Career & Finance

It Isn’t Normal to Hate Your Job—Here’s What to Do About It If You Do


As Americans, we collectively spend about 13 years’ worth of time working, not including all the side-hustling and overtime we put in, according to an article from HuffPost. In comparison, we only spend about 328 days of life truly socializing with others, we spend 28 years’ worth of time sleeping, and over a decade’s worth of time staring at screens, according to the same study. But 13 years is enough time for several bad haircuts, cringe-worthy fashion trends, love to be found and lost, and our bodies to change without good reason — just like when we were actually 13 years old.

This is too much time to spend in a job — or worse, a career — you do not like. Job satisfaction refers to how content someone is with their job and it’s influenced by various situational factors, including the nature of your work, management, your work environment, and your personal life, according to a 2009 paper published in the Journal of Applied Psychology. Somehow, though, with roughly 70 percent of people reportedly dissatisfied with their careers, according to Inc., hating your job has become “normal.”

While a lot of research about job dissatisfaction is quick to blame the individual for poor choices, hating your job can be far more complex, and sometimes simpler than choosing incorrectly. So, if you’re one of the 70 percent of people who hate their job, here are some things you can do to stop hating and start loving your work life.


1. Take an honest life inventory

Start with examining your relationships closely. If there is someone who is toxic in your life, do what you can to remove yourself from that situation. Sometimes, we take the stress and unhappiness we feel in one situation out on another — this is called displacement. Relationships are one of our key stressors, so taking an honest look at the quality of your relationships and making changes for happiness might help you experience greater satisfaction at work.

Also, many times when people think they are suffering from burnout with their job or career, they’re actually experiencing loneliness. This isn’t to say your burnout is fake — you could easily be experiencing burnout and loneliness — but if you don’t address the loneliness, then the burnout has no chance of improving, according to the Harvard Business Review.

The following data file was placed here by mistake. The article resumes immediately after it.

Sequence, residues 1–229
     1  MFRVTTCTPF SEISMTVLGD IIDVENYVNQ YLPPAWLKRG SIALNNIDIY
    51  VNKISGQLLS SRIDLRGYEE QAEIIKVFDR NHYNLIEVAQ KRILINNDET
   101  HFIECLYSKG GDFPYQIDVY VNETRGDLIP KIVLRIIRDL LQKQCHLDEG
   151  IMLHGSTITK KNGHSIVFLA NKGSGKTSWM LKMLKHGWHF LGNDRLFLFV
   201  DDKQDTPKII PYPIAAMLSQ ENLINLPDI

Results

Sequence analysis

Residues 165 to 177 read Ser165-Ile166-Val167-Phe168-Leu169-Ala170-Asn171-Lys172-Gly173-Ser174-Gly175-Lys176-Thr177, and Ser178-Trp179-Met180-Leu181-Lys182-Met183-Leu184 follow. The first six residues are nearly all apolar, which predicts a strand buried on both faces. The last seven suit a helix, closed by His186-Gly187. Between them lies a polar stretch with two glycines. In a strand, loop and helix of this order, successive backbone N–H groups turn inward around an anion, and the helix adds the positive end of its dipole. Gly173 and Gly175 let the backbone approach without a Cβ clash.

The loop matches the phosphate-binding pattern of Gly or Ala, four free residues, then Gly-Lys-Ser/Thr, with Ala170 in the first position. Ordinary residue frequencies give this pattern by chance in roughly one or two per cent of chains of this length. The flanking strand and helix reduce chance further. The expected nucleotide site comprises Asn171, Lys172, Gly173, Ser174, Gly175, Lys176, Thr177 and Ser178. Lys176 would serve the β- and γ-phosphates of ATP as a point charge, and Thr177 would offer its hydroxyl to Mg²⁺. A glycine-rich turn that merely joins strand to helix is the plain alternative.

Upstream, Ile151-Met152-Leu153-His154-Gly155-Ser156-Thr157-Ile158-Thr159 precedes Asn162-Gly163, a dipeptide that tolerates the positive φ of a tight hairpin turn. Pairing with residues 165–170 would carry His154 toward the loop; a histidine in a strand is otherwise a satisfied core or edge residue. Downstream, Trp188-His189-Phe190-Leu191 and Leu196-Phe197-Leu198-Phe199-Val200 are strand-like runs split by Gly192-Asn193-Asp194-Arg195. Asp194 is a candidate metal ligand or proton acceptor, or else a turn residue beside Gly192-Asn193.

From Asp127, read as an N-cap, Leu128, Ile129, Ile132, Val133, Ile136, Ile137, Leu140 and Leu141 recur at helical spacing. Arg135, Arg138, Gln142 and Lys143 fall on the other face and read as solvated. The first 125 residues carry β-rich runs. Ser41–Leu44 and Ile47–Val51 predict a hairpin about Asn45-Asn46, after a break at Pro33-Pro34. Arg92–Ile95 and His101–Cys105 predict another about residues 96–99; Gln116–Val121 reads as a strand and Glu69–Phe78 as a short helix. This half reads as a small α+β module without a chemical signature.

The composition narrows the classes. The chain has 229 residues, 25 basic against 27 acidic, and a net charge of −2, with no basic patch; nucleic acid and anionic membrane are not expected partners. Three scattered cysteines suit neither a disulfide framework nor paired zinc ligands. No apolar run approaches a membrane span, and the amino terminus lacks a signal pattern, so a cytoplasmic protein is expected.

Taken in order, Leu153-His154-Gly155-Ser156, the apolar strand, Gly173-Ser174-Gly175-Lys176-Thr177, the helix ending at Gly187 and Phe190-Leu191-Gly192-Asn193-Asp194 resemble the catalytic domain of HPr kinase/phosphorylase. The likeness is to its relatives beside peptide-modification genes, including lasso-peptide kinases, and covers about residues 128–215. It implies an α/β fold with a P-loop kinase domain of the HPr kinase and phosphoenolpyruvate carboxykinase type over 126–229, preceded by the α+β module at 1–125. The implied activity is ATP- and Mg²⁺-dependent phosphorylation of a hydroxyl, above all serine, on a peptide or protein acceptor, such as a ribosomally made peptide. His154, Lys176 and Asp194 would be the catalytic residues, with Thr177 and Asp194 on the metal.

Before you up and quit your job, take a look around and see if what you hate can be changed. Maybe your physical environment doesn’t work for you because there’s no natural light. Or perhaps you and your boss are incompatible, despite the fact you enjoy the type of work you’re doing. Think about whether shifts like switching to a different team, different office, a change in schedule, or cultivating better relationships with coworkers might help you find more satisfaction.


2. Set Some Goals

After you’ve taken an inventory to really determine the root of the issue, set some goals. The best goals are S.M.A.R.T. goals: specific, measurable, attainable, realistic, and time-sensitive. You may be telling yourself that you want to save your money working at this job you hate so that you can start your own business one day. That’s great, but do you already know exactly how much you need to save and how long that will take you? If not, get started so that you know when you have enough.

If, after taking your inventory, you realize that your job isn’t right for you and you need to find a new one, then start setting some job searching goals. It typically takes four to six months to find a new job, according to Monster. While you’re job searching, set daily and weekly goals to help yourself stay on track with applications and deadlines.

Lastly, if you think you’re in the wrong career, rather than just the wrong job, really spend some time digging into what it will take to make the shift you need. This might include going back to school, reaching out to people in your network, or even moving to a new city. Changing jobs can be a lot, but switching careers can be even more overwhelming (but also fulfilling), so take it one step at a time by setting goals and checking them off your list.

Not sure where to start with your goals? Start here


3. Make a Realistic Exit Strategy

Quitting your job can be stressful, empowering, terrifying, and thrilling all at the same time. Make sure you ask yourself some questions before quitting so you can make sure that you’re prepared. Regardless, if you have made the choice to leave your job, you need to create a realistic exit strategy so as not to cause yourself any more unhappiness and dissatisfaction.

First, set a timeline for yourself that is informed by your goals. Then, figure out what you’re going to say when you do leave. It’s important not to burn any bridges when you quit, so having a clear communication plan will help. Lastly, understand that sometimes quitting does not always go as planned. Some employers may ask you to leave immediately, while others will want more than the typical two-weeks’ notice to help with transition. Be sure that you’re prepared for any alternatives.

Knowing that we spend so much of our time at work, hating your job can send negative shockwaves into all other areas of your life and cause you to have toxic habits too. There is nothing normal about hating your job, and it is entirely possible to have a career you love.


Have you ever made a career transition because you were unhappy in your job? Tell us about it in the comments.